When the revolution began, Monge was drawn into radical politics.¹ After...

  4. (pp. 113-175)

    Beltrami’s disk model of the geometry of Lobachevskii gave it mathematical rigor and respectability. Where there had been neglect, distrust, hostility, now there was a quiet chorus of agreement among mathematicians: there was, after all, a geometry that differed from Euclid’s only over the definition of parallels, and it was the intrinsic geometry of a disk with constant negative curvature. Beltrami (1868b) showed that the same approach could be made to work in any number of dimensions. Non-Euclidean geometry had arrived among the mathematicians.

    There was still to be a quarter-century of debate about what it was that had been...

  5. (pp. 176-304)

    We have already seen that Italian mathematicians were energetic students of projective geometry, which some, such as Corrado Segre and Federigo Enriques, extended tondimensions and treated abstractly, the better to allow it to be interpreted in a variety of ways. Another of Segre’s students, who followed him in this work but was more sympathetic to the axiomatic approach, was Gino Fano. When Fano wrote aboutn-dimensional geometry, he tried systematically to show that each new postulate is independent of the previous ones, and in this way he made some interesting discoveries almost without noticing.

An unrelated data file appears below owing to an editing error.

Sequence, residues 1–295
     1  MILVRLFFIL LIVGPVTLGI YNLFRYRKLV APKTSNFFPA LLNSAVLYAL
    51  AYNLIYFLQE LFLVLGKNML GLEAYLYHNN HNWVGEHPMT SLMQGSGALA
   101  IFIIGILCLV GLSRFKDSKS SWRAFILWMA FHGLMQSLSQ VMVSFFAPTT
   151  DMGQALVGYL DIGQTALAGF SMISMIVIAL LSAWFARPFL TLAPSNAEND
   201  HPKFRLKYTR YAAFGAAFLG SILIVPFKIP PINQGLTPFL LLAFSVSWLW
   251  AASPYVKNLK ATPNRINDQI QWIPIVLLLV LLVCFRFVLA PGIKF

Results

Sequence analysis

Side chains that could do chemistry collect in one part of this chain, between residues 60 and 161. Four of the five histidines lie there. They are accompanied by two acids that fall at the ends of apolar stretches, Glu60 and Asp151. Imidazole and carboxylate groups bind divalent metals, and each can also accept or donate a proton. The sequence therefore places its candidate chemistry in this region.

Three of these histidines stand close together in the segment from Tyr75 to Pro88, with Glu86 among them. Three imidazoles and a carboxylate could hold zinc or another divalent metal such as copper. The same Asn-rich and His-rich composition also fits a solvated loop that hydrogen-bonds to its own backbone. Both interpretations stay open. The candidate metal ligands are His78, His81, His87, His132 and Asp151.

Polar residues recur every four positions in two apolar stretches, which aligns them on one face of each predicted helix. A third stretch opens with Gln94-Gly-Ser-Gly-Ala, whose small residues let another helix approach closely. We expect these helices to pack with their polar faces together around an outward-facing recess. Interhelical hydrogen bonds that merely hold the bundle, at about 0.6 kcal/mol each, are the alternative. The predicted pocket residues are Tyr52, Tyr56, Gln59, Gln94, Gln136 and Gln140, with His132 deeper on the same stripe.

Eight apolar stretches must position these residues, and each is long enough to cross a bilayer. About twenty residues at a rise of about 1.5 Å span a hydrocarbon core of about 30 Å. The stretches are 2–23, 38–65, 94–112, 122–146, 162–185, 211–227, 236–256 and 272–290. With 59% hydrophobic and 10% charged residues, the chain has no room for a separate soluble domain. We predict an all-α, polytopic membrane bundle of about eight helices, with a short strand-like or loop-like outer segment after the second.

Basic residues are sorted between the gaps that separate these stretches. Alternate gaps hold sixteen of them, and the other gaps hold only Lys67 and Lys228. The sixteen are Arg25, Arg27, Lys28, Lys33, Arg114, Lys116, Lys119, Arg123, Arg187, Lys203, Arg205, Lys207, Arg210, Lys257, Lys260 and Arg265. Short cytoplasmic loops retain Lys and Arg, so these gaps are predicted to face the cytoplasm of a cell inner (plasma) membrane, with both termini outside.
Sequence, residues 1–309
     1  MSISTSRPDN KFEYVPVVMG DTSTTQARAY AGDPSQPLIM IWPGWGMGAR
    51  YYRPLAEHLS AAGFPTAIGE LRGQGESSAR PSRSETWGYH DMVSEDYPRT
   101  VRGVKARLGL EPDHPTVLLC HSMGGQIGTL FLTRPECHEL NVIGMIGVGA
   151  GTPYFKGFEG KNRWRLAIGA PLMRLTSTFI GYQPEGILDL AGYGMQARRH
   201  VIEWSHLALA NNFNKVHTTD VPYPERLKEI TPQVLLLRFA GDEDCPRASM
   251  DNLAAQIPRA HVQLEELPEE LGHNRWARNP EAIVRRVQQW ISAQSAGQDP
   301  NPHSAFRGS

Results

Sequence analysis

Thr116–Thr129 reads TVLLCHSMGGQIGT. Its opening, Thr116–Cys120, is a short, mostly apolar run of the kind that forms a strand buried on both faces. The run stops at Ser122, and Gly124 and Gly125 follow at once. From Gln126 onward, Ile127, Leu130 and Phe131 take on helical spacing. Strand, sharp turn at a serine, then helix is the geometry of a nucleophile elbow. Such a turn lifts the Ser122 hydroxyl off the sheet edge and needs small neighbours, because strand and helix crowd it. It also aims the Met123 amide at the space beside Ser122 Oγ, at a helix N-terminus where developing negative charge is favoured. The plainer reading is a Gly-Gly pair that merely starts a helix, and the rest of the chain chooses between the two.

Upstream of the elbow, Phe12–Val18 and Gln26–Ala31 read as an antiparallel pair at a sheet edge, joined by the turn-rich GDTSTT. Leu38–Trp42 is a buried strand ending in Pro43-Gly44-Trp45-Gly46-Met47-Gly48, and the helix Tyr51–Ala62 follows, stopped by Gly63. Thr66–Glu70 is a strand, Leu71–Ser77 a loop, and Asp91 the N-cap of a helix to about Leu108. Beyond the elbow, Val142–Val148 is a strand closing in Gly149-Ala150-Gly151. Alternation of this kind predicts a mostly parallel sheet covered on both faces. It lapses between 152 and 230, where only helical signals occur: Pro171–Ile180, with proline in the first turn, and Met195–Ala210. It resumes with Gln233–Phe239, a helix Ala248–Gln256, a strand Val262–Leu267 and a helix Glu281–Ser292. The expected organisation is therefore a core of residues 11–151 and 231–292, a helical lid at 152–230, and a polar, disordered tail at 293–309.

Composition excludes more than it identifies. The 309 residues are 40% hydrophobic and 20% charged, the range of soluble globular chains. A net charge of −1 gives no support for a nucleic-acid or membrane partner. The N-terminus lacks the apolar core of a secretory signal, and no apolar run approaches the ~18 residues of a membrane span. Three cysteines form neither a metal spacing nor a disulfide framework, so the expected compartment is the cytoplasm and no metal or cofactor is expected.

For example, Fano’s fourth...

  6. (pp. 305-373)

    As mathematics advanced in the late nineteenth and early twentieth centuries, mathematicians fashioned for themselves a new image of the subject: autonomous, abstract, largely axiomatic, and unconstrained by applications even to physics. At the same time, they often valued and cherished the link to physics, whether from a genuine appreciation of, and interest in, science, or from a shrewd sense that the utilitarian arguments for science and technology could only benefit mathematicians if they were somehow conspicuously tied to those subjects. On the other side of the divide that was growing up, albeit in rather different ways in different countries,...

  7. (pp. 374-405)

    It was the painter and aspiring but unsuccessful poet Edgar Degas who complained to his friend Stéphane Mallarmé that he had many ideas for poems but could not write the poems, to which Mallarmé replied, “Poems, my dear friend, are made of words, not ideas.” The same is true, and to the same extent, of a mathematical paper, as every contemporary mathematician knew. But in what language should mathematicians write, and is, or could there be, a language best suited to their purposes?

    The international mathematical arena in 1900 was an arena of competing nationalisms, chiefly those of Europe, the...

  8. (pp. 406-462)

    The origins of modernism in mathematics, and its eventual acceptance by large sections of the mathematical profession, have now been traced in numerous disciplines of mathematics as well as in the philosophy of mathematics and the relations of those subjects with logic. At least another book could be written describing developments after the First World War, but this is not the place. Accordingly, this chapter takes those topics in the foundations of mathematics that simply cannot be left in midair and traces their implications for the subject as a whole in the interwar period.¹

    It would also take a book...